I am what most people would call a massive nerd. Star Wars, Star Trek, Doctor Who, I tick all the nerd boxes. Except for Lord of the Rings. I read The Hobbit as a child and tried to read the book trilogy but…I got bored. It’s a long time before anything happens and I mean really long. Like just about everyone else I watched the film trilogy when it came out. I even had a marathon watch of all three films – the special editions as well. And that’s about twenty-nine hours. While I liked these films I never understood their huge appeal but recently I thought I’d give them another try. One note, certain criticisms of the films might be thought of as unfair as they are things directly from the books, as this is a review of the films.
The Fellowship of the Ring
Like the book, the film has a long time before much happens. We get an extended period of time just looking at the idyllic world of The Shire. One of the problems I have with LotR is the hobbits, they aren’t the most interesting of races. I know that Tolkein very specifically chose the hobbits to be the ultimate heroes of the books, these creatures that no one expected much of who actually go on to save the whole world but that doesn’t change the fact that they’re boring. The idea of learning more about the lives of the elves or the dwarves, or following Aragorn or finding out what Boromir was up to, could be extremely interesting. But can you imagine a film set in the peaceful Shire? Anyway, I have to say, once Aragorn shows up things do get more interesting. I don’t have time to go into everything but they have a meeting, people argue quickly showing the audience the fault lines in the anti-Sauron camp, they form the fellowship, Gandalf “dies”, Boromir goes a bit weird, there’s a battle with some new tougher orcs, two hobbits are captured and two other hobbits go off alone.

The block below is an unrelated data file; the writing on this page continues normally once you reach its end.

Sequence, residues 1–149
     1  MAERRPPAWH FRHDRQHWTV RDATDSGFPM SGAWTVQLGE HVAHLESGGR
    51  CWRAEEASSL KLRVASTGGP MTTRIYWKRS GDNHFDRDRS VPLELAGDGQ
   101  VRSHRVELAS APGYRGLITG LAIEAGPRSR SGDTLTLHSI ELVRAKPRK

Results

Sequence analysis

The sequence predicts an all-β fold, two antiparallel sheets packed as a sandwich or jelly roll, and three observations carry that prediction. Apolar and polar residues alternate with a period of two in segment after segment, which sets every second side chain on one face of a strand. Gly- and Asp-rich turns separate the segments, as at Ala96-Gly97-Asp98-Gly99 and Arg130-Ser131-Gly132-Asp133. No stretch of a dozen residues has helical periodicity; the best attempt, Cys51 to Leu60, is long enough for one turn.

The character I most identified with was Boromir, he wanted to use the Ring to defend his people who, he rightly points out, are the ones who are constantly fighting orcs. Obviously, the Ring would have corrupted him but it’s still a better plan than the insane one they come up of nine people – four of whom had never left the Shire – to walk into Mordor and destroy the Ring. If anything seemingly making Sauron’s job easier for him.
Highlights – the wraiths attacking Frodo and his race to Rivendell, Gandalf’s last stand and Sam’s refusal to leave Frodo.
Lowlights – too long in the Shire, Elrond’s constant complaining about the inconsistency of Men while planning to run away, “comedic” hobbit moments.
The Two Towers
In the first film, there is one central narrative: there is one group you follow. In this one, it splits in three:
Narrative 1 – Frodo and Sam (and then Gollum) heading to Mordor.
Narrative 2: Aragorn, Legolas and Gimli rushing first to save Merry and Pippin, then helping Rohan, one of the kingdoms of Men.
Narrative 3: Merry and Pippin’s capture, escape and teaming up with the Ents.
There is a lot of cutting back and forth between these narratives but this is done quite well. The introduction of Gollum is very odd. I think Frodo is both meant to feel pity for him as well as worrying that is what he will become and so looking for Gollum to be redeemable. The problem being Gollum is the least convincing redeemed person ever, even for the short period of time he might have actually be redeemed. Nobody would ever trust him for a second.
Aragorn et al not only fail to find the captured hobbits but seem to get distracted and wander off. In fairness, they get distracted by Gandalf returning from the dead and deciding to and help a king (I think Gandalf is meant to have assured them Merry and Pippin are safe). This leads us to the main thrust of the film – the fall of Rohan. The kingdom is on the brink of collapse and after Gandalf does some quick exorcising their king decides to head for Helm’s Deep, his kingdom’s stronghold. The Battle of Helm’s Deep is surely one of the greatest battles in cinema history, there is a real sense of scale, of thousands of people on either side crashing against each other. It does fall to one of the classic film mistakes in that they allow the heroes to engage in utterly ludicrous fights the only thing saving them is the handy Script Immunity you get from being one of the central characters. Aside from this minor quibble, it is genuinely amazing.